Think of this objectively. When you are learning, you take a picture and wait for the film to be developed. Then you see where you went wrong so next time you do better. This is also trial-and-error. Digital just speeds this up a little.

    Turn off the LCD and _visualize_? I don't understand this part. Why can't someone _visualize_ when using the LCD? Like saying when will you ignore DOF preview and _visualize_?

  15. #35
    Eric
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    Originally posted by Jerome


    Well, lemme see... it's like if you know how to play the piano, switching to an electronic keyboard is a breeze and you appreciate it very quickly. But I don't think it works vice versa.

    I like your analogy about the electric keyboard. I prefer a slightly different analogy. Before computers became popular, most people used typewriters. If you can type flawlessly on a manual keyboard, you will have an easy time typing on a computer. I'm pretty ok on the computer, but I cannot complete a letter on a manual typewriter cos I make too many mistakes. Finish a whole bottle of correction fluid also not enough. Now, if you want to learn, which would you choose to start on?

    Digital IS a lazy way to learn. That's why I like it I've owned a Canon G2 for about 2 months and already I've gone through more than 1000 exposures (and only on weekends). Sure, if I have shot 1000 exposures on film, I may have improved more, but I'm not sure how long that would take (and how much it would cost). I respect all of you who have paid your dues and did it the hard way.

    In the end, photography is about getting the image in your head transformed into an image in your camera. The camera is just a tool.

    Whether you type on computer or typewriter doesn't matter, as long as your story can flow from your heart to the paper (or monitor)

  16. #36

    Default Re: My 30c worth of comments...

    the EOS 300 does not come with a USM kit lens. the lens is the EF 28-90mm f/4-5.6 driven by a DC motor.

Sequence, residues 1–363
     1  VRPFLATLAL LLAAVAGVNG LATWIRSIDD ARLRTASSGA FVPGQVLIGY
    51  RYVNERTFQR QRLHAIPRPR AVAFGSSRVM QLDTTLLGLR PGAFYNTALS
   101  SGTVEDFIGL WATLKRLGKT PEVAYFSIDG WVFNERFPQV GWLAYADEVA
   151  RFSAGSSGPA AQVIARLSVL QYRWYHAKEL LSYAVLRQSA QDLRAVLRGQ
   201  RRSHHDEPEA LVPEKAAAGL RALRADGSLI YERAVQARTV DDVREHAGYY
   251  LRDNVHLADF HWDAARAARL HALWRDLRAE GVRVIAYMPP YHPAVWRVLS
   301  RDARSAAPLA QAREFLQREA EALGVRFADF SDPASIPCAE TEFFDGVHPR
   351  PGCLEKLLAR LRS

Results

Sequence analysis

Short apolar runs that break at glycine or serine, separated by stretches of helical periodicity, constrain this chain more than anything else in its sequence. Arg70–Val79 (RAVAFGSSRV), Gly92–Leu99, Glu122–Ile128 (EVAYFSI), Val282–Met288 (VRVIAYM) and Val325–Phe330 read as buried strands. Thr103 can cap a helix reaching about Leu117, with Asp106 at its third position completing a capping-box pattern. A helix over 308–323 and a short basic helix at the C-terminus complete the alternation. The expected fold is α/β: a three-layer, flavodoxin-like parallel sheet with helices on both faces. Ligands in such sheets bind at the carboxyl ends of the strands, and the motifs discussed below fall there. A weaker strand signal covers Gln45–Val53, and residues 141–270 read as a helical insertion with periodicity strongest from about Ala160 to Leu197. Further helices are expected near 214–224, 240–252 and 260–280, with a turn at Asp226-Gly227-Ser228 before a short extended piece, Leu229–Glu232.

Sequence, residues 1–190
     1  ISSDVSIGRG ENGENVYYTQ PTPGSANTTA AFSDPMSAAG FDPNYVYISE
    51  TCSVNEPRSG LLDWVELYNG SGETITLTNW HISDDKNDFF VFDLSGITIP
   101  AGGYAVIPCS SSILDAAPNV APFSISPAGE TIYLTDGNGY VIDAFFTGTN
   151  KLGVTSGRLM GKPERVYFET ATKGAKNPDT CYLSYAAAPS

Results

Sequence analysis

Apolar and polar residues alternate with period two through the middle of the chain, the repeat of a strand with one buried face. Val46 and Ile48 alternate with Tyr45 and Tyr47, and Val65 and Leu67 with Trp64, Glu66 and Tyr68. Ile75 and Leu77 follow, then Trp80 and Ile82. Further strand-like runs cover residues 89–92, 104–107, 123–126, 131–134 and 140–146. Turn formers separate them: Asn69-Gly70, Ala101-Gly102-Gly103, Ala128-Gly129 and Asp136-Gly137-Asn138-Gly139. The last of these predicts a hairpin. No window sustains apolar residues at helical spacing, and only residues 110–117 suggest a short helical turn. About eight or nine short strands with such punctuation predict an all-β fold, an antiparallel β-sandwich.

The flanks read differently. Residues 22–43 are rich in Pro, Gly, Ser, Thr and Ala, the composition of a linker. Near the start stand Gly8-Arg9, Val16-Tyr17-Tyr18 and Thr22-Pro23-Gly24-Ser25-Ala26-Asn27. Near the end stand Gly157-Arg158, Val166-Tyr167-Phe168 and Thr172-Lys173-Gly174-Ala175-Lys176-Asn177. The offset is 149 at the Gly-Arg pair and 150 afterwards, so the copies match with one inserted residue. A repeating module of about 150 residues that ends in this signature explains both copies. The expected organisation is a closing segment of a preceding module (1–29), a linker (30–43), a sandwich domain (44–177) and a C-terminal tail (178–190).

P.S. i have an EOS 300 kit for sale.
    Last edited by mervlam; 2nd August 2002 at 11:30 PM.

  17. #37

    Wink Re: Re: My 30c worth of comments...

    Originally posted by mervlam
    the EOS 300 does not come with a USM kit lens. the lens is the EF 28-90mm f/4-5.6 driven by a DC motor.

    P.S. i have an EOS 300 kit for sale.
    Dunno about you but some shops I've been to are offering a USM lens... so I thought it was standardised

  18. #38

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    Originally posted by Eric
    ...... Like saying when will you ignore DOF preview and _visualize_?
    when one is day dreaming?

  19. #39

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    Originally posted by art2d2
    How about the new Nikon F55 ? Cost $499.00 with 28-80 MM G lens. Probably can get cheaper at AP / CP.
    although the 55 is new, it does not support TTL with external flash ! it is not compatible with all the new Nikon lenses VR - Vibration Reduction !

  20. #40
    Cleophas
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    Well, with a small budget I would recommend borrowing an SLR from somebody to start off first while you save up. Ask around from friends and relatives (or the photography club at school for a loaner if you're still a student). You may be pleasently supprised to find an uncle or somebody you know who has a SLR lying around unused for years.( happened to me when I first started! Pentax K1000 )

    The reason I suggest this is because if you are to get a very cheap camera you may regret it down the road. It cost alot to 'change' system when your skills out grow the camera and you may find trying to get rid of the cheap camera for an upgrade too much a hassel.

    From what I see now, I suggest saving up for the F80S for the Nikon system or the EOS30/33 from Canon the best choices. If you really can't find a SLR to loan for the time being, borrow a Point & Shoot camera and start shooting anyway. Even when using a P&S you need to understand the basics such as composition, back-lighting, red eyes, film speeds and stuff.

    Have Fun!! )